Plans of Encampment
The artillery camp at Fort Pillow was not set up according to regulations.
Most of the time the guns were placed in battery, either in fortifications or in field works,
and the camps were located a short distance away.
This was the case in every long-term camp the battery set up with two specific exceptions.
The camp at Tupelo, Mississippi, in June 1862, and at Camp Wright at Shelbyville,
Tennessee, in the spring of 1863 had a large area where the guns were parked in the camp.
According to regulations, the plan of encampment called for an eighty-two-yard front and a one
hundred ninety–yard depth for a six-gun battery.
A four-gun battery would need only a fifty-eight-yard front.
The officer’s area took up the first thirty yards of depth and was separated from the enlisted men
by a twenty-three-yard area where the enlisted men’s mess area was.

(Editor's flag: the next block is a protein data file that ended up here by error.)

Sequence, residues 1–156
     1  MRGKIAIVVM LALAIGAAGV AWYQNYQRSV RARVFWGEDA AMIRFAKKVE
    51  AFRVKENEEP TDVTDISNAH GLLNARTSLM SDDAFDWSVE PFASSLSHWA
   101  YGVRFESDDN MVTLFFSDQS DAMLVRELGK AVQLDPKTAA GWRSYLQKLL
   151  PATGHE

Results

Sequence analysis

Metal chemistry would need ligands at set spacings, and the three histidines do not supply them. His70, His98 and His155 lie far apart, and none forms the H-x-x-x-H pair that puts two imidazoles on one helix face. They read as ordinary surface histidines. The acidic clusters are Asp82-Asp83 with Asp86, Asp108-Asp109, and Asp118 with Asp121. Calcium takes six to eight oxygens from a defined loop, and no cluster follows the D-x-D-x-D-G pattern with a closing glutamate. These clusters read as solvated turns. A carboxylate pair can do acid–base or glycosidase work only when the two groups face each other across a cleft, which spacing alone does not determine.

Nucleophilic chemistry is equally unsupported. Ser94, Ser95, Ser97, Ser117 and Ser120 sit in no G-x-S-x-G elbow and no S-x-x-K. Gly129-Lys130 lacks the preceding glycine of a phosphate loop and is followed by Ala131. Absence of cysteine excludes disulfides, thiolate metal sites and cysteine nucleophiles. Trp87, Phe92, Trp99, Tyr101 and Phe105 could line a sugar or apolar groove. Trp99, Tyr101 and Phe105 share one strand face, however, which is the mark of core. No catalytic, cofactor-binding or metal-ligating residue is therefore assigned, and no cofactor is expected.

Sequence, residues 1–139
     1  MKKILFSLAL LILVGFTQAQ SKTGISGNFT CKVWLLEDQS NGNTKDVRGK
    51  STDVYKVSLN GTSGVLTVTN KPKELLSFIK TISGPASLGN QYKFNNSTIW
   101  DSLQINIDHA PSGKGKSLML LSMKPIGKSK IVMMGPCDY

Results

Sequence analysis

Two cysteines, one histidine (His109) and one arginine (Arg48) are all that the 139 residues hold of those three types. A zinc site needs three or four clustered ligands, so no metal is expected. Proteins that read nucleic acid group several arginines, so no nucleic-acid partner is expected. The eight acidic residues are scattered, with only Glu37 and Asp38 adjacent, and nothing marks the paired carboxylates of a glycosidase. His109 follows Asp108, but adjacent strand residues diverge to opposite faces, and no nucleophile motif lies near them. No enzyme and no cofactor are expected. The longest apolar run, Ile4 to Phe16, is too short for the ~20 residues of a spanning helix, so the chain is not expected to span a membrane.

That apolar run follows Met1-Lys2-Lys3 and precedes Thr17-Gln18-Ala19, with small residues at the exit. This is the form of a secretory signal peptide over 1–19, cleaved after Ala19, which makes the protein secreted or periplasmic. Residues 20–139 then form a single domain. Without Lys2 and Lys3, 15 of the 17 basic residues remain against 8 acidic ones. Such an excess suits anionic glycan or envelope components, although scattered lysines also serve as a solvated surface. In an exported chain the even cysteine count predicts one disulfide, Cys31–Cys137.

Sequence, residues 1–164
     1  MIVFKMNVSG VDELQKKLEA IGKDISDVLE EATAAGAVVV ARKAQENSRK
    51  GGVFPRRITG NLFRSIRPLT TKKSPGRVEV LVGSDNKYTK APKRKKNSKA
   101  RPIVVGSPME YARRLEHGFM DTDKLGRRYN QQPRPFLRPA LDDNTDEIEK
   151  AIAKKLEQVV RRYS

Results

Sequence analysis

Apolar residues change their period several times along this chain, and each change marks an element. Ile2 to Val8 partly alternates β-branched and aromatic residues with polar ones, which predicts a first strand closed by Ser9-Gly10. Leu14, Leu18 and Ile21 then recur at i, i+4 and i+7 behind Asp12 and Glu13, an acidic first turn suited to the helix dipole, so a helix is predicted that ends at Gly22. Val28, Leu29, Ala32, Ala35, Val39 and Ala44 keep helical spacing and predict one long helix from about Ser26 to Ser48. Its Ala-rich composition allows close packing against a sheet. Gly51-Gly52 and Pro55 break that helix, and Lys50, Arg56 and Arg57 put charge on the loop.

The enlisted men’s tents were grouped with eight tents for each section of guns.
These tents were in line with about eight yards distance separating the sections. Sixteen yards away
from the enlisted tents was the picketing of the horses. Twelve yards beyond that was a parking area for the forge,
battery wagon, and baggage wagons all in line. Sixteen yards from that was the line of caissons, and sixteen yards beyond the
caissons were parked the line of pieces. A guard tent was then placed at the back of the encampment. During times of drill,
the area used for the parking of all of the vehicles was used as the drill field.
Source: U.S. Army Field Manual, 1861, Plate 4.
This information is taken from the book Courage and Devotion
A History of Bankhead's/Scott's Tennessee Battery
By Bruce R. Kindig
Copyright 2014 by Bruce R. Kindig All Rights Reserved.
"Last Updated 4/28/2016"
Copyright © 1999-2016 by Scott's Tennessee Battery, Inc